Avoid pattern matching with List in Scala

25 Feb 2018

I recently debugged a strange issue which seemed to appear out of nowhere™. It all came down to a that we used List in a match while the methods signature was changed from List to Seq.

Below is a simplification of what happened and how it can be avoided. It’s one of those things which seem obvious in hindsight, but in a complex system, these things can be tricky to spot.

In our code, we had a method which took a list of something and depending on the number of items in it we wanted to do something.

Here’s an simplified example:

def specialSum(numbers: List[Int]): Int = {
  numbers match {
    case List(a, b) => a + b
    case Nil => -1
    case _ => 0
  }
}

println(specialSum(List(1, 2))) // 3
println(specialSum(List(1)))    // 0
println(specialSum(List.empty)) // -1

When starting to use this method in our code base, we had other collections than List that we wanted to use (and using .toList everywhere is tedious). So List was changed to Seq to accomodate this:

// numbers was changed from List to Seq
def specialSum(numbers: Seq[Int]): Int = {
  numbers match {
    case List(a, b) => a + b
    case Nil => -1
    case _ => 0
  }
}

println(specialSum(List(1, 2))) // 3
println(specialSum(List(1)))    // 0
println(specialSum(List.empty)) // -1

With List it still works. Now, one may write a unit test using Seq in order to verify that the method’s changed type signature still works:

def specialSum(numbers: Seq[Int]): Int = {
  numbers match {
    case List(a, b) => a + b
    case Nil => -1
    case _ => 0
  }
}

println(specialSum(Seq(1, 2))) // 3
println(specialSum(Seq(1)))    // 0
println(specialSum(Seq.empty)) // -1

This still works but this is just luck (or unlucky for us). This is because the Seq’s default implementation is List. So when we say Seq(1, 2) we actually (under the hood) get a List(1, 2).

You can verify this with:

Seq(1,2).isInstanceOf[List[_]]

What happened in our code was that we wanted to pass in some other type which inhertis from Seq, for example ArrayBuffer.

def specialSum(numbers: Seq[Int]): Int = {
  numbers match {
    case List(a, b) => a + b
    case Nil => -1
    case _ => 0
  }
}

println(specialSum(ArrayBuffer(1, 2))) // 0 <- not what we want
println(specialSum(ArrayBuffer(1)))    // 0
println(specialSum(ArrayBuffer.empty)) // -1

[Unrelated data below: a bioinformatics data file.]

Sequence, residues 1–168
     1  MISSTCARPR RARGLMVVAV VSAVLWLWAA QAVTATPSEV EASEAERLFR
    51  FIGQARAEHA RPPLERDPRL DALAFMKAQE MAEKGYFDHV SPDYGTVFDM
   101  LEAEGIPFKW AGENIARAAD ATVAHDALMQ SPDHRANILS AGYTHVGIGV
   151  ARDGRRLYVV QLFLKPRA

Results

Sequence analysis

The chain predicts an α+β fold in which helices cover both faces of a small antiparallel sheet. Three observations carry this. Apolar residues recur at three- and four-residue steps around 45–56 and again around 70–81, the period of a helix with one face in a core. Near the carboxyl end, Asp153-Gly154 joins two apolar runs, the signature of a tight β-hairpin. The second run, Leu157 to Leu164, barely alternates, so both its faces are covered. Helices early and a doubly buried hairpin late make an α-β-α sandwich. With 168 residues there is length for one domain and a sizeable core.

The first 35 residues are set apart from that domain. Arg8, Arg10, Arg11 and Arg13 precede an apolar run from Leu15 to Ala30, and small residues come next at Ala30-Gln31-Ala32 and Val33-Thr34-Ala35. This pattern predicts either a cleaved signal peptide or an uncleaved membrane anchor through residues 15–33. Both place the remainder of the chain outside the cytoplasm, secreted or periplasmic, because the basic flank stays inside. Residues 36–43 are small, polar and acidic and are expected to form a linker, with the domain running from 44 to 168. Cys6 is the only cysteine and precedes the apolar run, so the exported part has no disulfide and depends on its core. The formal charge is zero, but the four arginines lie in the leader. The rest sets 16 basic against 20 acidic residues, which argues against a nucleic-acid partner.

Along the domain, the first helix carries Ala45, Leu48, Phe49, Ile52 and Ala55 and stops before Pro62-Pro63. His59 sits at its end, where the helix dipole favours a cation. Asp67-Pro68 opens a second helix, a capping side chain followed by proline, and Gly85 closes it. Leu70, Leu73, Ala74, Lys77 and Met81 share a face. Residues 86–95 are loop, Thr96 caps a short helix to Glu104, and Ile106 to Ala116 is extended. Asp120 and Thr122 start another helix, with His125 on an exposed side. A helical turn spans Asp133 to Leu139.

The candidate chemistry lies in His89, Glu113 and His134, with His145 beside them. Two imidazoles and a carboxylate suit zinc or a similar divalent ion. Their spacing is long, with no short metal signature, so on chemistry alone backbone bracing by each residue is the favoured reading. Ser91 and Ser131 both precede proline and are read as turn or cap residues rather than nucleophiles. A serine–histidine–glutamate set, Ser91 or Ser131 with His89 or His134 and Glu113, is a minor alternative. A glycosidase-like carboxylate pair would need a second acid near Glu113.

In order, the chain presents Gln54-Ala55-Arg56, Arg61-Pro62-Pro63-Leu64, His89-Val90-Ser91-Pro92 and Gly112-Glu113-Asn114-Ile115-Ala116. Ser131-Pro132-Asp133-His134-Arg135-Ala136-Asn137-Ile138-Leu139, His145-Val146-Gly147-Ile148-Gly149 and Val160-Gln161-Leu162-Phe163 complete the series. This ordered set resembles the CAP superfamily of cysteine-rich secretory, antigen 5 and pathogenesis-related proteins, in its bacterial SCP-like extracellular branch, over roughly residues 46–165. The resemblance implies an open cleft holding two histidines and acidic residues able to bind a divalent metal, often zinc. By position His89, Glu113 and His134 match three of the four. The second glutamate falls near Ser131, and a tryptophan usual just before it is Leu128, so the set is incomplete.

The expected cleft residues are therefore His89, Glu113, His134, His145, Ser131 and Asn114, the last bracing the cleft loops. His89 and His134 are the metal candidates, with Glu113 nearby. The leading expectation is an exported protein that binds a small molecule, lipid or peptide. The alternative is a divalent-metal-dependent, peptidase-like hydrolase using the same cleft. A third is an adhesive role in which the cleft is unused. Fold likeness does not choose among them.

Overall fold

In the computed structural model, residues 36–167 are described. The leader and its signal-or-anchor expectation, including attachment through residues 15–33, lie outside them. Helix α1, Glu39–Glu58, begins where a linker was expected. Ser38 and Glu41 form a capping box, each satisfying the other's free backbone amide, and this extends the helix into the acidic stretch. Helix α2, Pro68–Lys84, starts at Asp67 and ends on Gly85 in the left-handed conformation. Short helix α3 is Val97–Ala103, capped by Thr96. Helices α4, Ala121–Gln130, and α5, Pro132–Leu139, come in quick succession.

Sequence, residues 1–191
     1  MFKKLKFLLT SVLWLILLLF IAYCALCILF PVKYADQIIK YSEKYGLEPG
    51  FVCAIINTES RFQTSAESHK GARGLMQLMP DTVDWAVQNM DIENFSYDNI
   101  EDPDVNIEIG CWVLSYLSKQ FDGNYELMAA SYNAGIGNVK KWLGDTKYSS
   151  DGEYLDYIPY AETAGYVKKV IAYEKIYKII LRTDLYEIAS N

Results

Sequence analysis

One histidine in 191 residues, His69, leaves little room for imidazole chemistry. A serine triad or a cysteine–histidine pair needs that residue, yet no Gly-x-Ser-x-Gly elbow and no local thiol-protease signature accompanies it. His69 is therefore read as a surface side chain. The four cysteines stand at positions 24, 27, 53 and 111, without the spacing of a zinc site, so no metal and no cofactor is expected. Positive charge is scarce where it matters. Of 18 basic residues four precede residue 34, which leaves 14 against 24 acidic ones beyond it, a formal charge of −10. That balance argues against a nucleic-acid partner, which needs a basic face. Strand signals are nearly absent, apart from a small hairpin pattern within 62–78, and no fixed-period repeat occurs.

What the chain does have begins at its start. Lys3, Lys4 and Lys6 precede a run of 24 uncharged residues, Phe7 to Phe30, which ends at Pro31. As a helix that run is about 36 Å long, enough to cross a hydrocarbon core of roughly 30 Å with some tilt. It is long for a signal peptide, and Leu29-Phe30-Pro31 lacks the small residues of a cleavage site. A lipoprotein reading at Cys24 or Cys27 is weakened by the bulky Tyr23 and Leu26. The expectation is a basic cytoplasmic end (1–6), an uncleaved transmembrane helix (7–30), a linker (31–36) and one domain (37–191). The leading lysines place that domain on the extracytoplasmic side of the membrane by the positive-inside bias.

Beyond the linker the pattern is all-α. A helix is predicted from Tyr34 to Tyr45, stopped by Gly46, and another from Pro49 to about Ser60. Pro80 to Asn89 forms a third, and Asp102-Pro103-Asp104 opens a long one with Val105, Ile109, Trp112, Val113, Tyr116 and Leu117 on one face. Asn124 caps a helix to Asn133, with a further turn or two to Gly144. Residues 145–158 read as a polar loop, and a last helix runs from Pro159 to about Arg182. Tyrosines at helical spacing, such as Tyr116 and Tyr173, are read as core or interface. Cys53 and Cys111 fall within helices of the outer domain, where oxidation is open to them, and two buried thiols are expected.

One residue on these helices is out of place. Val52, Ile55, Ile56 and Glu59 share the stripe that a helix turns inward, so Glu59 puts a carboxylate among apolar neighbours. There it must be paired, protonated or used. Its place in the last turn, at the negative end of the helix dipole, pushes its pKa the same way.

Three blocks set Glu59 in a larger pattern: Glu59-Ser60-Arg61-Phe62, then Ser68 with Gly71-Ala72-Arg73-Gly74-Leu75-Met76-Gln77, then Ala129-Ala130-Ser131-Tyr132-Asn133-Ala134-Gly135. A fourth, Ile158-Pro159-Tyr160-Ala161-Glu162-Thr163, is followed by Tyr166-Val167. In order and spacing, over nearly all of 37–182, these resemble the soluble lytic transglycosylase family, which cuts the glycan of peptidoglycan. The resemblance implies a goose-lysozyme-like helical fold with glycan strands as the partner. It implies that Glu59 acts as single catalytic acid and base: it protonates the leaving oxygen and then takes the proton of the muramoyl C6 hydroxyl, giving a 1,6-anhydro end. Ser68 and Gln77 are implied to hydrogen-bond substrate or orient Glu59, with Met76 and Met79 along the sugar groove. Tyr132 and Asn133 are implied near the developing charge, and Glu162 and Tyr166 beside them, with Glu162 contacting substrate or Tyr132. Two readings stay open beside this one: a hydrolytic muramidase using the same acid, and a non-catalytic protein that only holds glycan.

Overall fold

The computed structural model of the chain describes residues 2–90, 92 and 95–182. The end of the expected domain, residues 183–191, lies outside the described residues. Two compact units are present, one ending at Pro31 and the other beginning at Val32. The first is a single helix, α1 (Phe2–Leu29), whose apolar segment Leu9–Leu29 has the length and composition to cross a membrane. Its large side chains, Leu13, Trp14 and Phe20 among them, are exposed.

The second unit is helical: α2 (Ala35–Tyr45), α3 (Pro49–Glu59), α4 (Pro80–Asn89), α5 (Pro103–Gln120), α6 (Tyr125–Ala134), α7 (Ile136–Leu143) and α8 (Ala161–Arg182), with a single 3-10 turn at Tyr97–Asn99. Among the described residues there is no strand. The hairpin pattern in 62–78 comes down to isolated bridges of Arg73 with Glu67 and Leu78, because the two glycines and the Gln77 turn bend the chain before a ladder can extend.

What happens here is that our ArrayBuffer is passed in and is being “downgraded” to a Seq.

The match has three cases:

Notice also that since we do match on _ all compiler warnings and runtime errors (MatchError) will dissapear since we cover all possible outcomes.

If we did:

  def specialSum(numbers: Seq[Int]): Int = {
  numbers match {
    case List(a, b) => a + b
    case Nil => -1
    case _: List[Int] => 0
  }
}

println(specialSum(ArrayBuffer(1, 2))) // 3
println(specialSum(ArrayBuffer(1)))    // 0
println(specialSum(ArrayBuffer.empty)) // -1

We’d get a MatchError.

In order to be safe, we can make sure that we always use Seq in the match since this will cover all collections which inherits from it (more info here).

def specialSum(numbers: Seq[Int]): Int = {
  numbers match {
    case Seq(a, b) => a + b
    case Seq() => -1 // or Nil will work
    case _ => 0
  }
}

println(specialSum(ArrayBuffer(1, 2))) // 3 
println(specialSum(ArrayBuffer(1)))    // 0
println(specialSum(ArrayBuffer.empty)) // 0

As a bonus, if you for some reason prefer to use the cons notation:

def specialSum(numbers: Seq[Int]): Int = {
  numbers match {
    case a :: b :: Nil => a + b
    case Nil => -1
    case _ => 0
  }
}

println(specialSum(ArrayBuffer(1, 2))) // 0 <-- wrong
println(specialSum(ArrayBuffer(1)))    // 0
println(specialSum(ArrayBuffer.empty)) // -1

You can make it work by using +: (since :: is List specific):

def specialSum(numbers: Seq[Int]): Int = {
  numbers match {
    case a +: b +: Nil => a + b
    case Nil => -1
    case _ => 0
  }
}

println(specialSum(ArrayBuffer(1, 2))) // 3
println(specialSum(ArrayBuffer(1)))    // 0
println(specialSum(ArrayBuffer.empty)) // -1

I wouldn’t recommend it though, I personally don’t find it readable (and I’m actually surprised it works with +: Nil, I thought +: Seq() was required in order to not get a List).

Update: It was pointed out to me that +: is slower than ::. If you are recursively traversing a very long sequence, then List and :: will give you much better performance.